I saw this poster in the metro stations: a government advertisement promoting travel to Canada. The photo shows a vast, snowy white landscape with huskies pulling a sled. The caption reads: “Explorez sans fin / Canada / Keep exploring”. An advertisement of terra nullius – the notion of unoccupied, unused land which was invoked at contact to justify colonization of North America.
When I talk about colonialism, extractive industry, and climate change as having direct impacts on the bodies of Indigenous women, I don’t mean any of it as a metaphor.
There is something about the intersection of patriarchy and colonialism that gazes upon us in our moments of freedom and decides it will try to steal that, too. Europe’s history of colonizing (the Indigenous lands now known as) Canada is not something of the past that has vanished. Empire requires constant maintenance.
In the metro station, I was sexually assaulted.
When the man chose to randomly attack me he did it while I was in transit – on my way home from a concert by one of my favourite bands.
When he chose to attack me, I had just finished a drink with friends. I wondered if my blood alcohol content would be printed as a headline if I went missing.
When he chose to attack me, he became angry as I repeatedly pushed him away and refused him access to something that wasn’t his.
As I push the unwelcome white hands of this man away from my brown skin in a European capital, I push back on terra nullius.
In my refusal / I am real
All those times I said NO, yet he still doesn’t seem to understand – his doctrine of discovery is worthless on the surface of my skin. I was here first, and here I remain.
Yelling “no” in his face, the words hit my throat hard, the same way it would feel a few days later to yell “no” at rows of gendarmerie – French riot police – lined up with their rifles and shields to protect oil companies.
I ran up the steps and hit the emergency call button. I was too flustered to work my way through any intelligible French, so the man on the other end did not understand me. My attacker ran away. (Later, when I tried to report it to the police, no one spoke English so I was turned away. The next time I went back with friends who spoke fluent French, but the station was closed.)
I exited the metro station, expecting him to attack me again from behind every corner of the winding tunnel. I gripped my phone with its dead battery and thought about how best to use it as a weapon.
In response to the extent of gendered and sexualized violence we faced on the streets and in the conference centre alike, some members of our group suggest we do not roam the streets alone; that we implement a buddy system.
In response, I hop on a train to Belgium the next afternoon, alone, without telling anyone until I am across the border.
In Transit, 2: Antwerp
[On the train from Paris to Antwerp]
You are cast out from the heavens to the ground
blackened feathers falling down
You will wear your independence like a crown
– Ghost, “From the Pinnacle to the Pit”
I am happiest when I am moving; something to do with the histories of migrations in my blood.
One of the hardest things to learn as a young Indigenous person is slowing down. How do I force myself to be patient in the face of constant devastation? Why would I slow down when I might not get the chance to grow older? So, the speed of the train hurtling out of France and that loud, fast music in my headphones feels like freedom.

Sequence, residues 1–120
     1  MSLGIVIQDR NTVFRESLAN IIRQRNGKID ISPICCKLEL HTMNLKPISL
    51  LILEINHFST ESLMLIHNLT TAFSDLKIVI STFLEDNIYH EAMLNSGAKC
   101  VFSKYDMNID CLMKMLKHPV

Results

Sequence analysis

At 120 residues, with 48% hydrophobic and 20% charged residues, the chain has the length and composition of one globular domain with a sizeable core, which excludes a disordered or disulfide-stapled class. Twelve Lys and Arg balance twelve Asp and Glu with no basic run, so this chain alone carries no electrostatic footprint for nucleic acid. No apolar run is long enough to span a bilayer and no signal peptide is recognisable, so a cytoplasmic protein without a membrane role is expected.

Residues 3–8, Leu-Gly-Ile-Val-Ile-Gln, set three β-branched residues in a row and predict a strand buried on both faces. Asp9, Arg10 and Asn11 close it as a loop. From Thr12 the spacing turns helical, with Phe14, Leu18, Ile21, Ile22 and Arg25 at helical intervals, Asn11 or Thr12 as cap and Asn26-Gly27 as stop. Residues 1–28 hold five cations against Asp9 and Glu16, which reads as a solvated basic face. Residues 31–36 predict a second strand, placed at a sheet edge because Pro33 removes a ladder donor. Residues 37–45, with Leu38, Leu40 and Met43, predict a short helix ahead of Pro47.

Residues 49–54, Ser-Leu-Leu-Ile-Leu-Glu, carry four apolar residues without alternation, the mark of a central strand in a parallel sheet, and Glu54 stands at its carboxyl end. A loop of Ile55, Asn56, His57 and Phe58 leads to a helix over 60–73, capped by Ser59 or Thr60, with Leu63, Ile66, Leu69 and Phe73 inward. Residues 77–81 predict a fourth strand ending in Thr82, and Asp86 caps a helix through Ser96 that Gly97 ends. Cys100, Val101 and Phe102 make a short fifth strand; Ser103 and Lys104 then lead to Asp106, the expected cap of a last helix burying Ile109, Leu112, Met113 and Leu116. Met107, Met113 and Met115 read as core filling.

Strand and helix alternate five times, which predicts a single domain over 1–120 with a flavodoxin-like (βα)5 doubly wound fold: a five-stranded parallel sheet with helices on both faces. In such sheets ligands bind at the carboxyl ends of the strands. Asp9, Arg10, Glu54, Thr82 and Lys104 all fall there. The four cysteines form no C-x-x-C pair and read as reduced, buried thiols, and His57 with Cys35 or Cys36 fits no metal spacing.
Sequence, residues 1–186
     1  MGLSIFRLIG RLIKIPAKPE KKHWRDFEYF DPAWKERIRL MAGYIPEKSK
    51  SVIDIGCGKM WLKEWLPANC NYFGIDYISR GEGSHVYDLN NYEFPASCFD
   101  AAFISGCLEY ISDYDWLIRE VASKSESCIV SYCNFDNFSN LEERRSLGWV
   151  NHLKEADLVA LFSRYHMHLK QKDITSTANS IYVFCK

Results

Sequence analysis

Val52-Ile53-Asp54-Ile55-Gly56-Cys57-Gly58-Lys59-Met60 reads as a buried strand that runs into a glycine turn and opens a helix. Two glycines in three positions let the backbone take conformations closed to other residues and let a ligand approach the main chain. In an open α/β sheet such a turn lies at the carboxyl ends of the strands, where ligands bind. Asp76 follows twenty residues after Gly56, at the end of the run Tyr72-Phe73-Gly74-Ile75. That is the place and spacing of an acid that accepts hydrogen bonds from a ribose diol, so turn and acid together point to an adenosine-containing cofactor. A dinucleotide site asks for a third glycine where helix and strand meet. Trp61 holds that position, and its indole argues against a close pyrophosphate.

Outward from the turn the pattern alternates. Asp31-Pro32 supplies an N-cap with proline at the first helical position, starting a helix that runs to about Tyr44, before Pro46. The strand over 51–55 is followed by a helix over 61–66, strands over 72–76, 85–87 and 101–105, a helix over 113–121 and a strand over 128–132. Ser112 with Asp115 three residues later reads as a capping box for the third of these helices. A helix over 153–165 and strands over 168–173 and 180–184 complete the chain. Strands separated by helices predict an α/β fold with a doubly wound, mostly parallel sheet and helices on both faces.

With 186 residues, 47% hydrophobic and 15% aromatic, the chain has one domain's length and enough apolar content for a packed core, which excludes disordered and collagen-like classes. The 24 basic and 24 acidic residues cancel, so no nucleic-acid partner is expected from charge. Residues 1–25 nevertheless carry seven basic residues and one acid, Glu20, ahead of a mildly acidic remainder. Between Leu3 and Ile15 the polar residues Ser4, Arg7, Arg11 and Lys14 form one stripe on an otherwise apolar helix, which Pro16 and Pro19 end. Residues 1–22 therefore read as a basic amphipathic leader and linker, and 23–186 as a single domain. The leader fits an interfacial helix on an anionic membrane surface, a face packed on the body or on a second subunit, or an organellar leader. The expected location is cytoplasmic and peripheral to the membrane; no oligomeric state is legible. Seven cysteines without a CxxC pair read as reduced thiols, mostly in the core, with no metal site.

Upon arrival in Antwerp, I realized I had absolutely no knowledge of the Dutch language. The sudden, total immersion was frightening and exhilarating.
I navigated my way to the show at Muziekcentrum, where I was on the guest list. 13-year-old me would think I was so cool. I danced unabashedly, learning quickly that Belgian metal crowds are apparently very polite and barely move.
The show was magic; the loudness was medicine.
[Ghost: Antwerp, 2015]
I wanted to stay and say thank you. Thank you for your music. Thank you for helping me find freedom and anger in the face of devastation. But I had to catch a train back to Paris.
Just keep moving.
[reclaiming transit: in the République metro station – thanks to Katie for helping me with this photo]
“I can feel the thunder that’s breaking in your heart /
I can see through the scars inside you”
– Ghost, “Cirice“
As Indigenous women, how do we talk about sexual violence in a way that allows us to own our vulnerability? How do we prevent our stories from becoming consumed by colonial voyeurism in nations that thrive on making us vulnerable? I want to confront how violence against Indigenous women is presented as disconnected individual narratives, blaming women who put themselves “at risk”, rather than as a systematic necessity for the maintenance of settler colonial states.
Just as understanding histories and impacts of colonization is relevant to understanding Indigenous people, sexual violence is a devastatingly usual story in the lives of Indigenous women. But it is never our only story. Iskwewak (Indigenous women) are not reducible to narratives of conquest.
I read an interview where Henry Rollins says, “My optimism wears heavy boots and is loud.” My optimism wears heavy boots, sometimes moccasins, sometimes bare feet, sometimes skipping on cobblestones, sometimes on the prairies; my optimism is fucking loud. Raining Blood loud. War Pigs loud. Forever My Queen loud. Am I Evil loud.
I dream of Indigenous women and girls being safe & free in our own bodies and wherever we go in the world. But “safety”, in the context of global climate catastrophe, means cultivating enough anger as motivation to destroy extractive systems that will kill us unless we kill them first.
Surviving as a Native girl, daring to walk down the street alone at night: that’s a revolution. Listening to heavy music and dancing and drinking and being angry and loud, refusing to let violence rob us of wanderlust: that’s my revolution.
One day we’ll get that freedom. Just keep acting it out until it’s real. Just keep moving.